In this book, talking about St. Matthews 16:18, he actually counted how many fathers interpreted it according to the disputed readings of the passage.
Archbishop Kenrick wrote:
"In a remarkable pamphlete printed in fac-simile of manuscript and presented to the fathers almost two months ago, we find five different interpretations of the word "rock", in the place cited; "the first of which declares (I transcribe the words) "that the church was built on Peter; and this interpretation is followed by seventeen fathers, among them, by Origen, Cyprian, Jerome, Hilary, Cyril of Alexandria, Leo the Great, Augustine.
"The second interpretation understands from these words 'on this rock will I build my church', that the church was built on all the apostles, whom Peter represented by virtue of the primacy. And this opinion is followed by eight fathers - among them, Origen, Cyprian, Jerome, Augustine, Theodoret.
"The third interpretation asserts that the words, 'on this rock', etc, are to be understood of the faith which Peter had professed - that this profession of faith, by which we believe Christ to be the Son of the Living God, is the everlasting and immovable foundation of the church. This interpretation is the weightiest of all, since it is followed by forty-four fathers and doctors; among them, from the East, are Gregory of Nyssa, Cyril of Alexandria, Chrysostom, Theophylact; from the West, Hilary, Ambrose, Leo the Great; from Africa, Augustine.
The fourth interpretation declare that the words 'on this rock', etc, are to be understood of the rock which Peter had confessed, that is, Christ - that the church was built upon Christ. This interpretation is followed by sixteen fathers and doctors.
The fifth interpretation of the fathers understands by the name of 'the rock', the faithful themselves, who, believing Christ to be the Son of God, are constituted living stones out of which the church is built.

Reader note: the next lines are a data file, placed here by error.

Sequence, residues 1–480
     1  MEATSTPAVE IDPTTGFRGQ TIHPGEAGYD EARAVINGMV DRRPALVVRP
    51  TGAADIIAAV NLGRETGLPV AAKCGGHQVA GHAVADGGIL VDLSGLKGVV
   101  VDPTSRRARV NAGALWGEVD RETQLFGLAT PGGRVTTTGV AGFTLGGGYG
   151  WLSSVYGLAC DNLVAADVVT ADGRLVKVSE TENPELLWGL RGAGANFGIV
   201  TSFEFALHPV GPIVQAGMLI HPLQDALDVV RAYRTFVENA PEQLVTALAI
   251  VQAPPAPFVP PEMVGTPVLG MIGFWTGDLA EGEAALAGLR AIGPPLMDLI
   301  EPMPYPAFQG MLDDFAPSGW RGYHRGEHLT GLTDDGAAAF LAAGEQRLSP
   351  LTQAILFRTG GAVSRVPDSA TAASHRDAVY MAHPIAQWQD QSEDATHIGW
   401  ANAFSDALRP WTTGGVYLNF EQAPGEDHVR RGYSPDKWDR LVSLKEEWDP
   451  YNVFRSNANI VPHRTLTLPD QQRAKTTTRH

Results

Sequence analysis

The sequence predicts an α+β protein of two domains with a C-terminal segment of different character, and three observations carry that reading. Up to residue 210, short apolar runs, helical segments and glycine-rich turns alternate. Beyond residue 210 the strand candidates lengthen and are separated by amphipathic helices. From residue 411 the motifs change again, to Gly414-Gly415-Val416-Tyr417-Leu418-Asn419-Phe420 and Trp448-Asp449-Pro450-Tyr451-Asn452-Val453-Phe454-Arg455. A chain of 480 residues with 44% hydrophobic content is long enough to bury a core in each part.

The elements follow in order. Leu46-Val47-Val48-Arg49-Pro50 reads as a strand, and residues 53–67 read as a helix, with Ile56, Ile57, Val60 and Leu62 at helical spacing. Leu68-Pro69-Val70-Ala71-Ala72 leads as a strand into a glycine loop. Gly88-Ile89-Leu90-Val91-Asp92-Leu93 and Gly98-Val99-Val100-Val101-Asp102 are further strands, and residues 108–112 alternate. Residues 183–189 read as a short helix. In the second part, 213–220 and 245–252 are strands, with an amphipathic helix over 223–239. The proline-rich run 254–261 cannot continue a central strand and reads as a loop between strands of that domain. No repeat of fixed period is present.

Thus far the author of the pamphlet aforesaid, in which may be read the words of the fathers and doctors whom he cites.
From this it follows, either that no argument at all, or one of the slenderest probability, is to be derived from the words, 'on this rock will I build my church', in support of the primacy. Unless it is certain that by 'the rock' is to be understood the apostle Peter in his own person, and not in his capacity as the chief apostle speaking for them all, the word supplies no argument whatever, I do not say in proof of papal infalibility, but even in support of the primacy of the bishop of Rome. If we are bound to follow the majority of the fathers in this thing, then we are bound to hold for certain that by 'the rock' should be understood the faith professed by Peter, not Peter professing the faith."
Archbishop Kenrick in "An Inside View of the Vatican Council"
I disagree with some of the consequences the good Archbishop took from the assessment of the information brough by the pamphlet he read. Lacking the proper Orthodox theology, he seems to think that the Fathers have different opinions on the interpretation of the polemyc passage, but they do not. In fact, they are pointing different applications of the same principle. Nevertheles, it is as the archbishop said: whatever right the primate has, he has in the capacity of his office as head of the bishops and depending on the orthodoxy of his faith, and not in him himself as source of Orthodoxy.